By Kaye Swain
I wrote about bathroom "aging in place options" in Part 1. Today I wanted to tackle some other parts of the house -inside and out.
My mom is still able to walk around so we are not in need of this right now. But when my dad was using a walker and then had to graduate to a wheelchair, we had to make sure the hallways and rooms of the new home were wide enough to use it successfully. We made sure to install wide enough sidewalks in the new back yard so that he could enjoy rolling around there when he felt up to it. We we so blessed by doing that, as he enjoyed several opportunities to spend time outside in back with his first great-grandchild, helping her in the swing after he had me tie a rope to her swing and give him the other end. I still treasure the look of joy on his face as he got to do that.
Of course, it's also vital to keep the areas clear in the house where they will be going so they don't get stuck on a stuffed animal or running into a couch that needs to be rearranged to allow easy travel with a wheelchair.
If my senior mom ever does have to graduate to a walker or wheelchair, that ramp will definitely have to be added to our front door. We discovered with my dad that there are "temporary placement" ramps that you can screw into your threshold allowing you to have a ramp when it's needed. Once you no longer need it, you can remove it easily. I still have those ramps in storage for future issues.
I was chatting with one of my real estate clients this week and she told me about her refrigerator with the freezer on the bottom. Her elderly dad was able to reach items in both fridge and freezer from his wheelchair. We had a side by side refrigerator/freezer when I had that broken ankle. I would use my dad's old wheelchair to make simple meals in the kitchen. I was also able to reach things easily from the side by side. As you can imagine, a top freezer would be difficult, if not impossible, to reach from a wheelchair.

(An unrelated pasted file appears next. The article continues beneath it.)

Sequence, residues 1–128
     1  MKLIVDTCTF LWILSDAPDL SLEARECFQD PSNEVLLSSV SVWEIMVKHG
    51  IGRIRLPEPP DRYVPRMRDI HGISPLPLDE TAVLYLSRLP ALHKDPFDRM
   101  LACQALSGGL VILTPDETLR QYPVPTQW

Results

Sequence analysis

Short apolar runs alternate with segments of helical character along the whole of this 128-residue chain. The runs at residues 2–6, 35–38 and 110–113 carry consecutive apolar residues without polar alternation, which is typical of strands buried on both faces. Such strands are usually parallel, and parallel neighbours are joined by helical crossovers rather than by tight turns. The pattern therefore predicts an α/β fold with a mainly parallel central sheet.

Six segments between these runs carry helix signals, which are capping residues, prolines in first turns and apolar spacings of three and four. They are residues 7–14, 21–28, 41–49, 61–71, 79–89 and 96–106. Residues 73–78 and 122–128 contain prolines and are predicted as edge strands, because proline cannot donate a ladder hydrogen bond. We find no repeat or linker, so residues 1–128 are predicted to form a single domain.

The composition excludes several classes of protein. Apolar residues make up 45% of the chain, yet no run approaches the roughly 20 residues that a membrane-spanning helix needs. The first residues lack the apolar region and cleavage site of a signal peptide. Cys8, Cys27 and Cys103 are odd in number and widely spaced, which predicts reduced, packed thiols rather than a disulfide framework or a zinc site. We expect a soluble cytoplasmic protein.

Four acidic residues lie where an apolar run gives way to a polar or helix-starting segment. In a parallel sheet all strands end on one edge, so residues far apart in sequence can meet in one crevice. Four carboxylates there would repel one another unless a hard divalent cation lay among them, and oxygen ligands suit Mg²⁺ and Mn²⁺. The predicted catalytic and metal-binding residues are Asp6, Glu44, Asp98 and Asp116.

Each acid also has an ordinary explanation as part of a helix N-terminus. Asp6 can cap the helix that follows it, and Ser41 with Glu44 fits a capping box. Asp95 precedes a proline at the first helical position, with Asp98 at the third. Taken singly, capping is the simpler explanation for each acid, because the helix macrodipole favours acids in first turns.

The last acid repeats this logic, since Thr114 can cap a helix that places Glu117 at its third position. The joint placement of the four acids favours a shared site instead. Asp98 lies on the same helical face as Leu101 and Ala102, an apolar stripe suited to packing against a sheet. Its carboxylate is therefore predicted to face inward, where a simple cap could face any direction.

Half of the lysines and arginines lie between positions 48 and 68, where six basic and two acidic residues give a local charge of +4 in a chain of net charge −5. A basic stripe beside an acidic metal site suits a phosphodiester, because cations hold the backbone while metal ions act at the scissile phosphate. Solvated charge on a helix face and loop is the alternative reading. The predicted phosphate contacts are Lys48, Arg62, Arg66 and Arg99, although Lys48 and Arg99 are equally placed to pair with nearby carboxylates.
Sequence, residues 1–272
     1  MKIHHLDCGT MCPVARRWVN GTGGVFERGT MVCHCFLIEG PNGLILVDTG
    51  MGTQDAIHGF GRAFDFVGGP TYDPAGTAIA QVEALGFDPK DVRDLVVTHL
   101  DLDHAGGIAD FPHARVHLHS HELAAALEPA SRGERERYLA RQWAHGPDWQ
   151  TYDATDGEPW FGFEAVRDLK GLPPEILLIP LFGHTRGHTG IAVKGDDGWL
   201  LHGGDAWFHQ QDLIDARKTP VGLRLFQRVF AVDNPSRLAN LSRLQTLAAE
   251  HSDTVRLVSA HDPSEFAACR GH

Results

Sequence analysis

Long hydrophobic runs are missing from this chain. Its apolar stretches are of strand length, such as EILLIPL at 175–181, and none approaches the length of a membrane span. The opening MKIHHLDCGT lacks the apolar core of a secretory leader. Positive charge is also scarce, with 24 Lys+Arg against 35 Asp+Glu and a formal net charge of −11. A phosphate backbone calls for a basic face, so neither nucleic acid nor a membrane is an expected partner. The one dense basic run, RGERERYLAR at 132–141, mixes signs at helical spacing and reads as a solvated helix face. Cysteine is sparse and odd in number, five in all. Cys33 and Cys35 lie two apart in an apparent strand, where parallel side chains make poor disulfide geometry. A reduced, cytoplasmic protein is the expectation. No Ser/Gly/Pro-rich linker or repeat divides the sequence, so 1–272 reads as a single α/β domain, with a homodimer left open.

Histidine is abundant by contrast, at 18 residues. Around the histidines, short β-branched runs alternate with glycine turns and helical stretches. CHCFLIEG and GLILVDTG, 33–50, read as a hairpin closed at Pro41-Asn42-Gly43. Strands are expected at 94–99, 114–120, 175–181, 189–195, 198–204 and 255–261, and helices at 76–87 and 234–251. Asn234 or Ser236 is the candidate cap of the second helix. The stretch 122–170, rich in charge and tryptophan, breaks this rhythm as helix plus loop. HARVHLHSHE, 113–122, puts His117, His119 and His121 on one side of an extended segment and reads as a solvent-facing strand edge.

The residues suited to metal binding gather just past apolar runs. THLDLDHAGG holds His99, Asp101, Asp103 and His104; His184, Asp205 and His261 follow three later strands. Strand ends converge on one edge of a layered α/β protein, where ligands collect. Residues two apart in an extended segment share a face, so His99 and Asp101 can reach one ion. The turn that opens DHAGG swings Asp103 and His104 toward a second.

Rearranging dishes and glasses to put them in the cupboards below instead of above can also be a big help. We did this when the grandkids were little to enable them to get items themselves. It's a grand help for both ends of the aging spectrum.
Sleep - Think outside the box
As our elderly parents age, sleeping can become more problematic for them. Particularly after one or more surgeries dealing with hips, backs, etc. or when they are dealing with an extremely debilitating disease that makes movement very difficult. When my dad was in hospice due to his advanced Parkinsons Disease, they had us rent an electric hospital bed along with an air pad to make it more comfortable for him. Its ability to go up and down made it so much easier for us to help him in and out of bed. And the head and feet options for going up and down helped him to get more comfortable in different positions even though he could barely move.
My senior mom has always been a side sleeper but after two hip surgeries she can't get comfortable on either side. She opted for an electric recliner (like the one above) which enables her to sleep comfortably on her back at night, and sit happily during the day. We checked with the doctor first who gave her a big thumbs up.
It's wonderful to have different options to help them, isnt it? Just be sure to have a good supply of the backup batteries needed for this type of chair. In our case, it's those square 9-volt batteries and they came in very handy when we were without power for a few hours last week!
These are just some of the basic things we have come up with through the years to make aging at home a practical reality as long as possible for my senior parents. How about you? Do you have more ideas? We'd love to hear them!